This is a “how to” guide for exposing your data in RDF in the Open PHACTS system. The guidelines build upon [[Marshall2012]]. For an extensive explanation on RDF see the Introduction section below.

Disclaimer

The research leading to these results has received support from the Innovative Medicines Initiative (IMI) Joint Undertaking under grant agreement n° 115191, resources of which are composed of financial contribution from the European Union's Seventh Framework Programme (FP7/2007-2013) and EFPIA companies’ in kind contribution.

Intended audience

These RDF-guidelines are intended for data providers who want to expose their data as RDF to the Open PHACTS platform.

HTML Source code

The HTML source code and full revision history of this document can be found in this git repository.

Introduction

There are many sides to making data semantic. This guidelines document restricts itself to using RDF, and will not go into ontological discussions, such as when to use a class or an instance. The document will also be limited to giving pointers, and some rules of thumb, and the reader is most invited to read the below-listed further reading.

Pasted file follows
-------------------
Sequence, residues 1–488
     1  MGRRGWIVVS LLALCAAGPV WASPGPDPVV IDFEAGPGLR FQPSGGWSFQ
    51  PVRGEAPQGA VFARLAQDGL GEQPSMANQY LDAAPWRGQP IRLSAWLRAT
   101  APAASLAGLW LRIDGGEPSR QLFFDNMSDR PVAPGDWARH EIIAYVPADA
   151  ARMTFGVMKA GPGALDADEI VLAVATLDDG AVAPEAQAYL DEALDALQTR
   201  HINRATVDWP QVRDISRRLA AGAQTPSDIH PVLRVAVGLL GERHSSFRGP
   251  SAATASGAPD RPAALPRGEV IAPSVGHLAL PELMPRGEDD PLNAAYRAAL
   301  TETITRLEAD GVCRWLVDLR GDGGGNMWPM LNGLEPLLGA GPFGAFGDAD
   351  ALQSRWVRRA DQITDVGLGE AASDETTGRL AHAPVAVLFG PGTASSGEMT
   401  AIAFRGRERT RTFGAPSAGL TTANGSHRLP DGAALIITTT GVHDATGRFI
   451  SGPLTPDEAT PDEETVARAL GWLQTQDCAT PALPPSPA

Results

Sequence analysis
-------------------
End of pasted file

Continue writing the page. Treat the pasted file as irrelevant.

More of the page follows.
The most important message is to use RDF not find the best representation for your data, but to be explicit in how you represent your data.

General Principles

Open PHACTS requires:

  1. Resource Description Framework (RDF) to be used [[RDFPrimer]]
  2. Every primary concept should be typed, and have a label (we recommend rdfs:label and skos:prefLabel), including language specification
  3. Specific relations, like interaction data, modeled as concepts (rather than predicate) do not require a label
  4. Ontologies used for classes and predicates must be openly available
  5. A VoID specification of your data (see Step 9)

Open PHACTS does not specify requirements or guidelines around:

Step 0: determine who owns the copyright of the data and under what license you are sharing it

Before you start thinking about converting something into RDF, the first two questions you should ask yourself:

  1. who owns the data (if anyone), and
  2. under what license or waiver can you modify and reshare the data.